Why do lasagne and spaghetti bolognese taste so good? It's all to do with the parmesan and tomatoes. Photo: Marina Oliphant
It took a long time for umami to come to the party. Recognition of the ''fifth taste'' lagged several thousand years behind its bandmates sour, sweet, salty and bitter. But in terms of its game-changing importance, the identification of umami in 1908 was the Higgs Boson - the God particle - of the cooking world.
It's about as tricky to define, too. More mysterious than the four other straightforward tastes, umami goes under many labels. Savoury and meaty are commonly used. Also see ''deeply flavoured'', ''long-lasting'' and ''mouth-coating''. Kikunae Ikeda, the Japanese chemist who revealed umami to the world after painstakingly isolating the dominant taste of kombu kelp in dashi, named it for the adjective umai, or ''delicious''.
You still won't find it in Larousse. In terms of its application to Western cuisine it's been a slow build, but here we are at the tipping point. As the pointy end of gastronomy heads further down the geeky science path, chefs are putting it in the toolbox for the role it plays in creating flavour.
To the source: Dan Hong, of Ms G's in Potts Point, with the seaweed kombu, from which he makes stock. Photo: Marco Del Grande
Everything augurs that 2014 is the year of umami.
Look no further than all that fermentation and pickling going on in restaurant kitchens. They're not only the buzzwords of now; fermentation is at the heart of ''the machinery of flavour'', as David Chang memorably called it, and Rene Redzepi, in an interview for thekitchn.com, says, ''The world of fermentation is where you'll find a lot of flavours that give that richness, the effect of, 'Ahh, I feel like I've eaten something'.''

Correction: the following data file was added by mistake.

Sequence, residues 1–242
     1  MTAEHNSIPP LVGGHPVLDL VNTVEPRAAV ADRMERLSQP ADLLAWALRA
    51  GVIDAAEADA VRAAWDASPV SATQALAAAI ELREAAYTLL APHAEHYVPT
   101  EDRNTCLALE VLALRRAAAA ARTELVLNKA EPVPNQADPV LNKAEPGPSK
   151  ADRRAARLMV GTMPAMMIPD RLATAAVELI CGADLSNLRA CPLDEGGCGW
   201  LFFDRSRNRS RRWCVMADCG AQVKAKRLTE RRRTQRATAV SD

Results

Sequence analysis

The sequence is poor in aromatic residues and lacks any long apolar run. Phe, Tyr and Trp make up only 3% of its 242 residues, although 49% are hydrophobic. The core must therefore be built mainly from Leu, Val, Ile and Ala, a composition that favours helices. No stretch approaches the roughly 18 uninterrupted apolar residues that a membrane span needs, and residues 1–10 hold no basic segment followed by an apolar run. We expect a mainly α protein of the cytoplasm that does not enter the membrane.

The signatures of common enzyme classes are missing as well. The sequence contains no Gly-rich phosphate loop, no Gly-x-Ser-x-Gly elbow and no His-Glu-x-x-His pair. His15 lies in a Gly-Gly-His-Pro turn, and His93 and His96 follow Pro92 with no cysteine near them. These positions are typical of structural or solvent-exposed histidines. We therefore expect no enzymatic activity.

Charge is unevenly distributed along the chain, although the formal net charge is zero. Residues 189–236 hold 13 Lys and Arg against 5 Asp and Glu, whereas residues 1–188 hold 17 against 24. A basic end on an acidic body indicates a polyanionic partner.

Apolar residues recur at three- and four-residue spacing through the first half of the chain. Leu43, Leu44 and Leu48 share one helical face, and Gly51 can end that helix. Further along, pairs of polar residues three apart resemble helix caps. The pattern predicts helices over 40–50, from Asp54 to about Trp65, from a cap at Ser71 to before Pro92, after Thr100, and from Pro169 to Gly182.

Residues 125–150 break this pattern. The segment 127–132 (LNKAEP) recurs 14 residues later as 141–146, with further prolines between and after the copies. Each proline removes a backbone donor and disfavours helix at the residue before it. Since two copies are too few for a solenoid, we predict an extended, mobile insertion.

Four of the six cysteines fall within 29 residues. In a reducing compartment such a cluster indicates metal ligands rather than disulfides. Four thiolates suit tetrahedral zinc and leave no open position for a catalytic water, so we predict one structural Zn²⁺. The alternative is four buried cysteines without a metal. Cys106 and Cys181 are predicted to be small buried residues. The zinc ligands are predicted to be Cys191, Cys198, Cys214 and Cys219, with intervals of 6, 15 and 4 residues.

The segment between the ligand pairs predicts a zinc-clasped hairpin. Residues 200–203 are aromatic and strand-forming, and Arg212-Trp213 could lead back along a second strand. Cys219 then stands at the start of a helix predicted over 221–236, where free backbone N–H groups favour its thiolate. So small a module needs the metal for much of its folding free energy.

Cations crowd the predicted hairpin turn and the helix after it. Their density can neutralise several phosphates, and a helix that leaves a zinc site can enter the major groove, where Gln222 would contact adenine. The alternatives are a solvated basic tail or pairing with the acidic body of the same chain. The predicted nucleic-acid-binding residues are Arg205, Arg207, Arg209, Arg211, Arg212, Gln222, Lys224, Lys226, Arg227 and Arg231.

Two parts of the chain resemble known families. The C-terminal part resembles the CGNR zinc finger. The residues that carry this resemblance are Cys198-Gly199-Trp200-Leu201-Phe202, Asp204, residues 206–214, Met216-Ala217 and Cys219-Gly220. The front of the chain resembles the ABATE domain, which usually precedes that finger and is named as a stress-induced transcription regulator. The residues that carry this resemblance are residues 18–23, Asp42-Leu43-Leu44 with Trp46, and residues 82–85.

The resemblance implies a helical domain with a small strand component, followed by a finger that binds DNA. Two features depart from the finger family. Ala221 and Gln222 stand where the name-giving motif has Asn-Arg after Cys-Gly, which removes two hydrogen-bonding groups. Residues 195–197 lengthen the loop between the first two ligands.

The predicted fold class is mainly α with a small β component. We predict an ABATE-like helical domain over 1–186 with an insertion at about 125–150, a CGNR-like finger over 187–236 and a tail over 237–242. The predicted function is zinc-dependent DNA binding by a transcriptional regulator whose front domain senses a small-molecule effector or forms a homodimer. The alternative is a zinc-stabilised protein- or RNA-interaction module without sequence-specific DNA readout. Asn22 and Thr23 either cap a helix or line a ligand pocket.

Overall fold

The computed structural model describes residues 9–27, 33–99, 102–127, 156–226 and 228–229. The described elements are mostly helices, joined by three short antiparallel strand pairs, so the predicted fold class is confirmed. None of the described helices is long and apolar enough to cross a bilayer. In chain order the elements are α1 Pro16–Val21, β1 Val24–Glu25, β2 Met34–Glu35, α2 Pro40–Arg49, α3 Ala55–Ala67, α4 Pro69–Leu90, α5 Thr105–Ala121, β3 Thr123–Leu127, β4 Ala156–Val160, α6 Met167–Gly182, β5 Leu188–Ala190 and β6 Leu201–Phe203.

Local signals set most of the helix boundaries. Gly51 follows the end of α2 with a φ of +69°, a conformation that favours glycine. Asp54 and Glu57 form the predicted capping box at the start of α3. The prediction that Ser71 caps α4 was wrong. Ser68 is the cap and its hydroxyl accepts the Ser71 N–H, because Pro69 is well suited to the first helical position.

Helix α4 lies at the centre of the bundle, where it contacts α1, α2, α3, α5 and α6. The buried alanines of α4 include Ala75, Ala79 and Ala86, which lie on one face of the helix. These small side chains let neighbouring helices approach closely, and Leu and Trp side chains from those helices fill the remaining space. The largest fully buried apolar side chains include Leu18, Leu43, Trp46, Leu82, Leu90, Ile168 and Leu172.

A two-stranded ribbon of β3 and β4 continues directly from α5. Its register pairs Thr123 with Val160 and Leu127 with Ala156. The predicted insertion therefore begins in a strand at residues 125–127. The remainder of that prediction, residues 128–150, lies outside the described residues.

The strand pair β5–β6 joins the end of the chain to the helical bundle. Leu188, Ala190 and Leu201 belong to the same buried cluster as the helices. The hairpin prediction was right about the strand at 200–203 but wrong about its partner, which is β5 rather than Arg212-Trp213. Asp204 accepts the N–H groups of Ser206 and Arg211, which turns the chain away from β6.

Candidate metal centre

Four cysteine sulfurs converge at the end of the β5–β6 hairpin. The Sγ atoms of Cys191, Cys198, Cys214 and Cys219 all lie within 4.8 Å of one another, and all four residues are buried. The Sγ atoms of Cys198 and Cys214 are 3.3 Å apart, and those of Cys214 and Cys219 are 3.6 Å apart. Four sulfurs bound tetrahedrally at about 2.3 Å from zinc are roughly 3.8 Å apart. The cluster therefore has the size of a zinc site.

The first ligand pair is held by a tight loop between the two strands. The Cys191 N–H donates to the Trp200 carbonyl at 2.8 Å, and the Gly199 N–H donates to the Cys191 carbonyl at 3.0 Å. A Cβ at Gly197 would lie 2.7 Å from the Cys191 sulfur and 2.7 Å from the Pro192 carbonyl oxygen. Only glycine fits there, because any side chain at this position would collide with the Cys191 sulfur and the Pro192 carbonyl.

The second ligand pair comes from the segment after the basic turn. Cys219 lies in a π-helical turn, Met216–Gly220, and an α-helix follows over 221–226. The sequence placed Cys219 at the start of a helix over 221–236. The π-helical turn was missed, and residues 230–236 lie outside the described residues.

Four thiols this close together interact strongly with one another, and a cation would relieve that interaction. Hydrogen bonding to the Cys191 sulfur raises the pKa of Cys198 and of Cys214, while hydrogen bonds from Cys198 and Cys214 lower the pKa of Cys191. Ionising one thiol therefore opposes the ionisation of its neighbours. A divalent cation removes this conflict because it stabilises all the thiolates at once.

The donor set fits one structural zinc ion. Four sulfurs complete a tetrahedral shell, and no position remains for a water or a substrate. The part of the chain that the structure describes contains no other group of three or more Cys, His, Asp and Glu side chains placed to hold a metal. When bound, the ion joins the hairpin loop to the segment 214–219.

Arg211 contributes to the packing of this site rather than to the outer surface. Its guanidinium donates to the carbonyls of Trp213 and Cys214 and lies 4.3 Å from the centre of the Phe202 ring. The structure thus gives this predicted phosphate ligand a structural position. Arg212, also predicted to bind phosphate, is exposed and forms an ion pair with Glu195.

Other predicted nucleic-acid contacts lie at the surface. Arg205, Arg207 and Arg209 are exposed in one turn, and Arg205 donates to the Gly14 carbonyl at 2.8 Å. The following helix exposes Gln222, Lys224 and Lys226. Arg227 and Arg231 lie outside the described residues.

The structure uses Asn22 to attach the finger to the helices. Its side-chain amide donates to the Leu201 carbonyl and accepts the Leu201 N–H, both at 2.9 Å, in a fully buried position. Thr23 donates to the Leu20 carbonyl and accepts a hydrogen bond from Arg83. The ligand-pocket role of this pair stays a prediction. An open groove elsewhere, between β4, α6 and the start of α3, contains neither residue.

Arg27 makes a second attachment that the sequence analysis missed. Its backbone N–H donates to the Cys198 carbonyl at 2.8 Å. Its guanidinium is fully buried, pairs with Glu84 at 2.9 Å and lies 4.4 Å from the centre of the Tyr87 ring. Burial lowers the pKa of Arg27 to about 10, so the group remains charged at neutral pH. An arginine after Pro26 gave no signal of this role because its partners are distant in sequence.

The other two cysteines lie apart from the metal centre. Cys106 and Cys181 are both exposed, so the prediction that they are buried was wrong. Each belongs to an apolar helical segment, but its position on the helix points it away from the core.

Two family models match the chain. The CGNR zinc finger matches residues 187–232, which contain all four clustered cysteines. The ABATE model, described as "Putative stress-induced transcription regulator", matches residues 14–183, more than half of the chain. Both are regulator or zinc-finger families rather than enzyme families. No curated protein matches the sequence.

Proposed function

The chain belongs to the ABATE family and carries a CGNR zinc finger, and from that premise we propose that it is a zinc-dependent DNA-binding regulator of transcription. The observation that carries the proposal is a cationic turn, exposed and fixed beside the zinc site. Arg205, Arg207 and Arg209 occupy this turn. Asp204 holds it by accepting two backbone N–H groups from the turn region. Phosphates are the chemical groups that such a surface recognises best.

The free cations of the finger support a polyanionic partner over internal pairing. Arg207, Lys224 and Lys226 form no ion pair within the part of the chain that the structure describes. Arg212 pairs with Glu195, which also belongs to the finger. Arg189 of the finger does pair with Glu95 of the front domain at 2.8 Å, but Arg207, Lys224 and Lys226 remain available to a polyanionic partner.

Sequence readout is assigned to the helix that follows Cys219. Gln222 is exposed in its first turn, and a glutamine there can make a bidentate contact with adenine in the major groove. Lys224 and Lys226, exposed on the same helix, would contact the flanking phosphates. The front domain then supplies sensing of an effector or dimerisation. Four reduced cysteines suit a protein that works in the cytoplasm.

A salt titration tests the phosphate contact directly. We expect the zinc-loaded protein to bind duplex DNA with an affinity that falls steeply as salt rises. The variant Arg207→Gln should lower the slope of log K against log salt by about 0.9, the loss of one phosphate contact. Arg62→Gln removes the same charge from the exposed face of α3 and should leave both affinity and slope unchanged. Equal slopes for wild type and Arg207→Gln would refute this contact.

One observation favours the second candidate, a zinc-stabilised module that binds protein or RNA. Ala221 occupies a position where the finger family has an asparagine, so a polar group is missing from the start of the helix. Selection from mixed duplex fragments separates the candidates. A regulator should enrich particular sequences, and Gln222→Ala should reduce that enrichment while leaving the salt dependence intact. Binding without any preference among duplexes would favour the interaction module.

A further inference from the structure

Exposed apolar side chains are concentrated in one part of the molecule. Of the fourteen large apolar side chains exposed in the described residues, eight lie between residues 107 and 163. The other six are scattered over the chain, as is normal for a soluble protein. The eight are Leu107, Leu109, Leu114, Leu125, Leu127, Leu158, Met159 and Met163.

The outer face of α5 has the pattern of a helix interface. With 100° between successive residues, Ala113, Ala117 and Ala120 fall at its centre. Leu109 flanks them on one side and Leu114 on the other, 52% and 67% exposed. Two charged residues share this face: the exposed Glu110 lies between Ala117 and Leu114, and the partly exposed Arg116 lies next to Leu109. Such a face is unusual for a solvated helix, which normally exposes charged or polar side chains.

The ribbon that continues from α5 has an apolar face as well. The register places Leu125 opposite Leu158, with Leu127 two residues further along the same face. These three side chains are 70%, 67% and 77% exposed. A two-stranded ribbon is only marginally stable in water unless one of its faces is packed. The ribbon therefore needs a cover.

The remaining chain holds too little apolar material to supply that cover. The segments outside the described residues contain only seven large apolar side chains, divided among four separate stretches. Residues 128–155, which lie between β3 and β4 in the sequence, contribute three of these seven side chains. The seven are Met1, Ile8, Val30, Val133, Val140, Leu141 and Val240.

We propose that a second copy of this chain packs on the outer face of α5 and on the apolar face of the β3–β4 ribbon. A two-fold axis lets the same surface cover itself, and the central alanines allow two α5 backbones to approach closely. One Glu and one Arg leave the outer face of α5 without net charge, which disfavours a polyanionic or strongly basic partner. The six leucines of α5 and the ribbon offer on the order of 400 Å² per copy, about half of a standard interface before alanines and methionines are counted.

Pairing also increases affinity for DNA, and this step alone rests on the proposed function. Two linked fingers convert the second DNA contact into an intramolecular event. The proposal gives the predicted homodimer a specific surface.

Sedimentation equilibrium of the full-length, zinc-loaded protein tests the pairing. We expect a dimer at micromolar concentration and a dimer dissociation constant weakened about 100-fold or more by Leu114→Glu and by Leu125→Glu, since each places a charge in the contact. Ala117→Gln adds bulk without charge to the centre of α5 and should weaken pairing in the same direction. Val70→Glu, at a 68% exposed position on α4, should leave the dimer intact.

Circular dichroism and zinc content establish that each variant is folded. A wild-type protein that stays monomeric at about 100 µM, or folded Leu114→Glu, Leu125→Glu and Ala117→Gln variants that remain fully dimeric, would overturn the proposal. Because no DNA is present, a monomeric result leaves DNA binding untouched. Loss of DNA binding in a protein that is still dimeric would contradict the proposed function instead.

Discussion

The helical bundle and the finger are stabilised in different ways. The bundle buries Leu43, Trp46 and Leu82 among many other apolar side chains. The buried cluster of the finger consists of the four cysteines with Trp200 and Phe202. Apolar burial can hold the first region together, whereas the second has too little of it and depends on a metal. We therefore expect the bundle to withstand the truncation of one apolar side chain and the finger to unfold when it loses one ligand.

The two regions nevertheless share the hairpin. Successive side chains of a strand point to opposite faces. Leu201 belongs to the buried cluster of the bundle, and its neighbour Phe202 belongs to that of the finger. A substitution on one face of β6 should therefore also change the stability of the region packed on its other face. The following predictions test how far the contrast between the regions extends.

Umami-rich building blocks such as miso, dashi and seaweed, soy sauce and fish sauce, are increasingly imported into non-Asian cooking for their flavour-giving potential.
Umami-rich barbecue nori prawns.
Among his various tricks, Dave Verheul, chef at Carlton restaurant the Town Mouse, has used kombu powder in a mussel broth with char-grilled pork loin. ''It gives an amazing extra layer of flavour,'' Verheul says. ''It's a way of incorporating it in a way that's not obvious.'' Seaweed butter is another one - three or four kinds of dried seaweed are at its base - or fermented apple juice, sloshed around a dish of shaved calamari with oyster cream and raw cucumber.
''Chefs have been using umami for a long time - the ancient Romans were using garum, which was a fermented anchovy sauce - but we know where it comes from now,'' says Verheul. ''It can be as simple as adding parmesan cheese to a cabbage dish we do. I think a lot of what you do as a chef is get as much flavour out of what you do.''
The kombu salt with creamed corn at Woollhara's Pinbone has been another cult-ish success story. ''It's just delicious,'' says head chef Mike Eggert of the salt originally created by Tetsuya Wakuda. ''It tastes just like chicken in a biscuit. I love it with corn and butter. There's just something naughty about that combination.''
Shiitake mushrooms are high in umami.
Dan Hong (Ms G's, Mr Wong) is also a kombu proponent.